There might have been a day when media reporting could be cited without much fear that the reports were inaccurate—or that it would matter which “identified news organization” published the story. But those days are gone. As Gerth’s CJR story shows in painful detail, political polarization has claimed the press, and mainly for the left. In response to the widespread perception that establishment media routinely slant stories against conservatives, an alternative ecosystem of right-leaning media has emerged, largely devoted to critiquing (and occasionally to outreporting) their rivals on the left. (Byron York, of the Washington Examiner, for example, did the most detailed dissection of the GOP platform smear.)
This is a trend that dates back to the Drudge Report and its revelation in the 1990s that mainstream media were suppressing the story of President Clinton’s dalliance with Monica Lewinsky. The divide between left-leaning and right-leaning media has only grown wider since. But the FISA court, the FBI, and the Justice Department have apparently not noticed. No one thought to tell the court that the affidavit was relying on outlets that might have an anti-Trump bias, and neither the Justice Department nor the strikingly passive FISA court thought to examine the stories more skeptically for that reason.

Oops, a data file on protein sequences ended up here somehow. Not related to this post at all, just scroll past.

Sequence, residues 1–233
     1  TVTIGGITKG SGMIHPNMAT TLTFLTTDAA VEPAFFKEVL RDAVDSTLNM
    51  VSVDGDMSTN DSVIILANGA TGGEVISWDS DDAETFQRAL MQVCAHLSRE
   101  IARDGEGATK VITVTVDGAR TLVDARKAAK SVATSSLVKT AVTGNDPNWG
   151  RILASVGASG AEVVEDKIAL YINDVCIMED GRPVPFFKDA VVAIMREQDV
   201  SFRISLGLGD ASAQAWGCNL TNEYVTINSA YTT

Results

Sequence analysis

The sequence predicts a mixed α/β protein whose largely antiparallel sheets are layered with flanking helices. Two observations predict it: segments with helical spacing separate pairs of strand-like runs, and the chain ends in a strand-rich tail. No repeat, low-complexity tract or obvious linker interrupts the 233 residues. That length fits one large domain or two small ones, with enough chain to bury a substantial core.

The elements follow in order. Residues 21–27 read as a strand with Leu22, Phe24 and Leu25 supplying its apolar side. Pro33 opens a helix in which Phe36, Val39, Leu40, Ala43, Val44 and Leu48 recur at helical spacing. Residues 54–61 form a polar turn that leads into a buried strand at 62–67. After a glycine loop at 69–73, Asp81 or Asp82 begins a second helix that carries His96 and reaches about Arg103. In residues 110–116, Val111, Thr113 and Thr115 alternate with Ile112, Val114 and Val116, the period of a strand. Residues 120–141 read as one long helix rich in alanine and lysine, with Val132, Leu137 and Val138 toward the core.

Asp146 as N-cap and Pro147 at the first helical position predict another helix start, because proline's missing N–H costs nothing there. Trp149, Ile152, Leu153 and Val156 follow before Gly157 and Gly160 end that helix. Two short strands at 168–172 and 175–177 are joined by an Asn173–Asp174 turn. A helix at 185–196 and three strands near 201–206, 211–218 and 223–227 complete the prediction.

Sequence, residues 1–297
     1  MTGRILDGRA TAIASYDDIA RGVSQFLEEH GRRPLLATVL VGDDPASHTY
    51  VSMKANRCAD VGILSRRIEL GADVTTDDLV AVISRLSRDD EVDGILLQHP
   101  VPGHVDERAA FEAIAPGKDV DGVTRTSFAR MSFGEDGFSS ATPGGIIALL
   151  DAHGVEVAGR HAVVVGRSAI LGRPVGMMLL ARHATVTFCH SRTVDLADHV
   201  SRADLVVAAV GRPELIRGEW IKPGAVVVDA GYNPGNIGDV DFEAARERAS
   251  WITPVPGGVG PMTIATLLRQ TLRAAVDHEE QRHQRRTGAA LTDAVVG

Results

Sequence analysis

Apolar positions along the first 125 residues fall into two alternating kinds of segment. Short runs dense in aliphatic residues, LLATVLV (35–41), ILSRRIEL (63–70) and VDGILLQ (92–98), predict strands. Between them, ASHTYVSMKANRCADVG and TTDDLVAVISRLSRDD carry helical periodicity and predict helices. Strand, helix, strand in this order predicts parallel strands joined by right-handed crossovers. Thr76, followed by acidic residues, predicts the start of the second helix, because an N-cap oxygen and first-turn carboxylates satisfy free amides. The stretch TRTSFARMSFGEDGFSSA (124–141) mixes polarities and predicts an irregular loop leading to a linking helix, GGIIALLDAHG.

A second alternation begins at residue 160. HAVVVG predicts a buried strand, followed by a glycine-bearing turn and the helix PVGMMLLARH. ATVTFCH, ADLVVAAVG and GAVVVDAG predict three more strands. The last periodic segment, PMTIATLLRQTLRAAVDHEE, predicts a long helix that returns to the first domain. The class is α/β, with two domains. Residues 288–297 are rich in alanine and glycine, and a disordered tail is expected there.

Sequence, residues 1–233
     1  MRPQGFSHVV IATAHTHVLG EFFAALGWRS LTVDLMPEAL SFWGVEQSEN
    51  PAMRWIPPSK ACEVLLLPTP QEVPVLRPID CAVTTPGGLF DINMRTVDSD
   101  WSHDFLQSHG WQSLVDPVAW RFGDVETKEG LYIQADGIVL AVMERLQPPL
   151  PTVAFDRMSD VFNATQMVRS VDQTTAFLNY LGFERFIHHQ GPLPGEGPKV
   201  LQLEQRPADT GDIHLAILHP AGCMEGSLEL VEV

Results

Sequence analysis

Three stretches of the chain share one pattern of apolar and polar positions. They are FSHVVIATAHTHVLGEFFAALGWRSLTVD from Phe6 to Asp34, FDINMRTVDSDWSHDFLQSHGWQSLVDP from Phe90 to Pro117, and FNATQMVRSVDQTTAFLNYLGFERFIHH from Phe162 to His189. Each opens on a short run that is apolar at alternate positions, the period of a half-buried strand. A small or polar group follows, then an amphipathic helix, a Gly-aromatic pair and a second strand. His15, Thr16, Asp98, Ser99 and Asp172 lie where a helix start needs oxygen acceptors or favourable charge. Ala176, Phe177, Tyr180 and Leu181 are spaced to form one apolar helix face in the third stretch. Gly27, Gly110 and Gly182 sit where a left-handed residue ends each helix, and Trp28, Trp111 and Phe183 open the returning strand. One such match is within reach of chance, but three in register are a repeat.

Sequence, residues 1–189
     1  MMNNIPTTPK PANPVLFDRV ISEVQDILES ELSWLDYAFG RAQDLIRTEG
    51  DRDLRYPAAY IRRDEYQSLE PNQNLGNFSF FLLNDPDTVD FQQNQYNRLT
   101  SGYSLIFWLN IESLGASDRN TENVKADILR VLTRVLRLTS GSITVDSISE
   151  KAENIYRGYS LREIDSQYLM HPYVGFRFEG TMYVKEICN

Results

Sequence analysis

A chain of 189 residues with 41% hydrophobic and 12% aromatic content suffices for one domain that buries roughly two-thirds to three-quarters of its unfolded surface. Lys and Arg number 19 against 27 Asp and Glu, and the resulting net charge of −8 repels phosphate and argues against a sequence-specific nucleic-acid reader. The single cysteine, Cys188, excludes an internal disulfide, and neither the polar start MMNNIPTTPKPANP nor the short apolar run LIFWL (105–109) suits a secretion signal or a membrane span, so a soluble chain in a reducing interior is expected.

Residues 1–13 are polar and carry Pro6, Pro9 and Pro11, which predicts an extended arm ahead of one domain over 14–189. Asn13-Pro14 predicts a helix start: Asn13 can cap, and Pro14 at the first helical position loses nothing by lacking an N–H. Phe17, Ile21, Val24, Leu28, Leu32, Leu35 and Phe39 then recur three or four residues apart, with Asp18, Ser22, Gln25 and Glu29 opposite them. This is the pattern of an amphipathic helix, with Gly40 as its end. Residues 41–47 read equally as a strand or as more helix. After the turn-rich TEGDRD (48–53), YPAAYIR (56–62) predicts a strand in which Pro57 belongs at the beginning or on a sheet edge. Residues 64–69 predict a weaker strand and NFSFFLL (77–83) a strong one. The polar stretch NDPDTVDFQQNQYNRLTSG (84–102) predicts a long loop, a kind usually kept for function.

The intelligence community in general, and especially those who administer FISA, now have a deep credibility problem on the right. It comes at a bad time. The country’s single most important intelligence authorization, Section 702 of FISA, must be renewed by Congress this year. While the Carter Page intercepts relied on a different FISA authority, that isn’t likely to matter to House Republicans if they believe that the intelligence community has not taken steps to root partisan bias—and the risk of bias—out of all of its processes.
Considering the stakes, the use of press reports in FISA applications is an easy place to start. The FBI should have to meet a heavy burden before relying on press reports to prove critical facts in FISA applications. It may be reasonable to rely on the media for general background, or for the weather in Washington on a particular date, but for facts that could determine whether an American becomes a wiretap target, the FBI should show why it can’t confirm the information itself. And when it has no choice but to rely on press reports, it should disclose the source, and it should tell the FISA court whether the source has been credibly accused of a bias that might influence the accuracy of its reporting.
If it needs help in reading the news with a skeptical eye for bias, that’s no problem. It can just ask any Republican.